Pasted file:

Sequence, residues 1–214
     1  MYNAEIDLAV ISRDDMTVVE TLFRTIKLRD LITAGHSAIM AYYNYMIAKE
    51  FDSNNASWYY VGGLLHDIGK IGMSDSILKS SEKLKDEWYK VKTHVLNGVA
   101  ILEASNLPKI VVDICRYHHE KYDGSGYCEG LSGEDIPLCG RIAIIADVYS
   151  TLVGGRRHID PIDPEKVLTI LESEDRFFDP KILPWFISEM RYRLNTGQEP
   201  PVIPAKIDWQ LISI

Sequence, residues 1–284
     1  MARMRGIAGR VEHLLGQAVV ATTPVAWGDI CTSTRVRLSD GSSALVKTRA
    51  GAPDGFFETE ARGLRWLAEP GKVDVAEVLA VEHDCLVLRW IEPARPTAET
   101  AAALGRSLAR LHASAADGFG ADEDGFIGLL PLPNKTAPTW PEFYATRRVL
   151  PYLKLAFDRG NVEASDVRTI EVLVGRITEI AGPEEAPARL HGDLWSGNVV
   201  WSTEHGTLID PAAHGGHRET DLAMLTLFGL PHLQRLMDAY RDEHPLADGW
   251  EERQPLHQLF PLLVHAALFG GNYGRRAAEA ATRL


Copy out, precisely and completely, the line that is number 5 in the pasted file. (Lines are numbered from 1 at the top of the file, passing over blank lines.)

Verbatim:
   151  TLVGGRRHID PIDPEKVLTI LESEDRFFDP KILPWFISEM RYRLNTGQEP